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What is Electronic Parking Brake (EPB)?
When packing your vehicle, there are two ways to make it stay put; either shift the manual transmission into gear or set a parking brake. Mostly, a driver does both, but either way can do the job.
To many people, an electronic parking brake (EBP) is a new feature in their car. Therefore, knowing how the system works can go a long way when conducting a system repair.
Primarily, the traditional handbrake has a straightforward mechanism; when you pull the level up and the cables, the rear brakes are pulled, squeezing the brake drum. An electronic parking brake replaces this mechanism with an electronic one, which means that your car will stay intact when moving backward when parked. In essence, the EPB system has been there since early 2000. Initially, they arrived with little fanfare, but today, there are solid reasons why almost every automotive manufacturers are adopting the new technology. The improved system makes the brake operation control optimal and accordant with the road gradient when stopping the car.
How does the Electronic Parking brake works?
Unlike the traditional handbrake where the driver pulls the level, in EBP, the driver presses a switch. The switch then sends a command to the electronic brake module.
The module senses that the parking brakes need operating then sends a command to actuators in the brake calipers. Thus, the brake pads are forced on the brake disc, thereby restricting the wheels’ movement.
Due to the electronic mechanism, this system’s operation is instantaneous and undoubtfully very efficient. You can easily hear a reassuring whirring of the motor as soon as you pull or press the button. The brakes are more reliable than traditional ones since there is no mechanical connection involved.
Different types of Electronic Parking Brake
There are different types of Electronic Parking Brake. The most common includes:
The Cable-Pull systems
The cable-operated parking brakes are essentially a development of the traditional levels. As soon as the driver presses the switch, the internally threaded gears pull the cable, squeezing the brake drum. These are typically not very common, but you are likely to find this system in Lexus lS 460, Jaguar X-type, some BMW models, and lang Rovers.
Electronically-hydraulic brake caliper system
This type is not fully electronic, and it’s primarily designed for the use of a hydraulic brake system. Its mechanism is the same as any other EPB, but in this model, there is a hydraulic pressure generation, electronic control, and pressure regulation in one.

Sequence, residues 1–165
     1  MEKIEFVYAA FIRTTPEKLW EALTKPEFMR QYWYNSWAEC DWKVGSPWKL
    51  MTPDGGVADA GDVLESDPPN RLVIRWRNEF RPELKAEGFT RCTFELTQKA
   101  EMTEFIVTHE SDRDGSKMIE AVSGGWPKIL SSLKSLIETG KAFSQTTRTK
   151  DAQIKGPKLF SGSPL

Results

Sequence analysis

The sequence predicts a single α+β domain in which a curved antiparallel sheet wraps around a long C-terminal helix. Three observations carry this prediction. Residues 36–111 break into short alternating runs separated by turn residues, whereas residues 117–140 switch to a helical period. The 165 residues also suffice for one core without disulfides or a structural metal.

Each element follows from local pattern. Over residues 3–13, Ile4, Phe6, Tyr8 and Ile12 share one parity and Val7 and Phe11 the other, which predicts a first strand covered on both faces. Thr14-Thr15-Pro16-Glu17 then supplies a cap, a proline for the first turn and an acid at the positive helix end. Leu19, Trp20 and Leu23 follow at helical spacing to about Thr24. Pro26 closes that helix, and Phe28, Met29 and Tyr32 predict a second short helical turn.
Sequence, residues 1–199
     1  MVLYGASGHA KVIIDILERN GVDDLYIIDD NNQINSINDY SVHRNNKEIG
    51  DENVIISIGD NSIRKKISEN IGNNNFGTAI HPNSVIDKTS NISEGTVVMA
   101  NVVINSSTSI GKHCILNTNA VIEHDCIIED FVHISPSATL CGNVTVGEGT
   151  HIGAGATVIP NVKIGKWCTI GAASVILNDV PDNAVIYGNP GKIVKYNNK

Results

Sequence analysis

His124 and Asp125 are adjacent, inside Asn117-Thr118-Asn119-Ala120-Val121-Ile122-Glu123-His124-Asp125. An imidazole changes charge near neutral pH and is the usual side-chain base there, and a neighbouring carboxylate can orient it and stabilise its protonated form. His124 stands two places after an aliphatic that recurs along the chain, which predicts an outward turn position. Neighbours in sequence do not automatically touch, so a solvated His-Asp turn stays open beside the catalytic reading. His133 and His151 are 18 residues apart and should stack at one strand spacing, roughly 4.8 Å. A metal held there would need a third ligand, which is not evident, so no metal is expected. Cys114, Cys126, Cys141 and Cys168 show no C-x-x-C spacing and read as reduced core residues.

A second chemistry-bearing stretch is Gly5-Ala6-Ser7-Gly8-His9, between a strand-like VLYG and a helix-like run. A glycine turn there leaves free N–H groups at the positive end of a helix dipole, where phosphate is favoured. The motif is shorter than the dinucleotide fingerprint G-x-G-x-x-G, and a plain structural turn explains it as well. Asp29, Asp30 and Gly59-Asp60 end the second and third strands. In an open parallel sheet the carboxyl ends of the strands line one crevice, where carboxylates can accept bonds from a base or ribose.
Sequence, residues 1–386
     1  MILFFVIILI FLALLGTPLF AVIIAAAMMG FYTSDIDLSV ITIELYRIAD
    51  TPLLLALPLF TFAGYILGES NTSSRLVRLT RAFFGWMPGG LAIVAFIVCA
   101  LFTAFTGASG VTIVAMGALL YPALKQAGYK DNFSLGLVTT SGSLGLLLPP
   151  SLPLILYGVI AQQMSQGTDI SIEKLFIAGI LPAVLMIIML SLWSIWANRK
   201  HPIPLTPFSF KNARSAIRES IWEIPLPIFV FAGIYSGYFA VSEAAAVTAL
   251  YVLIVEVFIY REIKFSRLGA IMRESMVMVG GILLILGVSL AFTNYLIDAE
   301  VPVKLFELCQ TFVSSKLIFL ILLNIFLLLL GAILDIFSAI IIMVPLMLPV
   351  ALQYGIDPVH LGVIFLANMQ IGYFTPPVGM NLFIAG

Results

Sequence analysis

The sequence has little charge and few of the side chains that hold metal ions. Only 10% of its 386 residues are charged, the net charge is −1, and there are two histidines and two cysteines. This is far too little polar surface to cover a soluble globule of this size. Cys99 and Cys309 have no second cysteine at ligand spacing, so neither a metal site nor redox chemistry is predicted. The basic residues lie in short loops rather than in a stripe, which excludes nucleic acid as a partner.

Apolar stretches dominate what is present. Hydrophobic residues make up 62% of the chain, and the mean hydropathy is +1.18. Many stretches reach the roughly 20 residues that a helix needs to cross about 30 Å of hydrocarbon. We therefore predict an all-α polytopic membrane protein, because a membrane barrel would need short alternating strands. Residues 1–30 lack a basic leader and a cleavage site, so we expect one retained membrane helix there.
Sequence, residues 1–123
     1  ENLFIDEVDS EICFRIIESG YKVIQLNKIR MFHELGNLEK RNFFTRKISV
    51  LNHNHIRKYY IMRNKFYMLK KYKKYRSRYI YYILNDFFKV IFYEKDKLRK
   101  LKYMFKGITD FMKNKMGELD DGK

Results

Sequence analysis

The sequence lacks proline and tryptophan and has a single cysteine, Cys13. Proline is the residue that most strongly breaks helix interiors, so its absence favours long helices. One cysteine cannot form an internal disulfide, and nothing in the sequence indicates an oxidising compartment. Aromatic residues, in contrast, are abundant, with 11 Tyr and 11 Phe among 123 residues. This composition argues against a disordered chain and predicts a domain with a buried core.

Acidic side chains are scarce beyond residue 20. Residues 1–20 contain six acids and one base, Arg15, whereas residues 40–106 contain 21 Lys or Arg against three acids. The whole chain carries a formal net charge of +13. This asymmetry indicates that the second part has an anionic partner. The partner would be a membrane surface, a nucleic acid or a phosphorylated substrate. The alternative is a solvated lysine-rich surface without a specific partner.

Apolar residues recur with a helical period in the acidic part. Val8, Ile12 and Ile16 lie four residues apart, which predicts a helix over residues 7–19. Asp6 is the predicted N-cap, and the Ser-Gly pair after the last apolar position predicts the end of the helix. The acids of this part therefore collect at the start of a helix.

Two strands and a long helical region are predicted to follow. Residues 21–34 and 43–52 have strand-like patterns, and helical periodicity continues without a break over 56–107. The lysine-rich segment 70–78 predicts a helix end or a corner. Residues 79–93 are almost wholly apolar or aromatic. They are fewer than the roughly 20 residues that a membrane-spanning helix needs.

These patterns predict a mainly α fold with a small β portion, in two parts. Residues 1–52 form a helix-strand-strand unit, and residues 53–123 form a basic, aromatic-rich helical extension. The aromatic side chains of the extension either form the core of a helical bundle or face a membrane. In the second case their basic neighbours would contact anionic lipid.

Unlike the traditional model, this type is electronically locked without the need for hydraulics pressure as soon as the switch activates the parking brake.
These are a fully electric system using a motor and a gearbox. The two apply pressure on the pad and hence on the brake disc.
In essence, the critical component in these types of EPB is the parking brake latch that prevents pressure in the piston from rotating the motor, therefore keeping the brake applied.
- The response time for EPB is very short.
- EPB also has some other automated functions.
- The operational is quite reliable.
- It improves the vehicle control event when at a standstill condition on a slope.
- Given its convenience, the system is rather costly.
- Besides, you will need a professional to have the brake pads changed.
- By themselves, the EBP system isn’t strong enough to stop vehicles quickly, but they will definitely hold it.
Although the system is costly, they are very convenient compared to traditional cumbersome levels. The tiny switch will free up the drive space and give a vital convenience such as more space for the cup holder or audio system. It is definitely, a simple but intelligent system for any car model.
When conducting a repair, it is essential to know that working on them is convenient and safe. Read the car manufacturer’s manual or at the system suppliers’ website and understand your car’s other systems as well. Remember, the critical drivers for EPB are functions, comfort, and safety.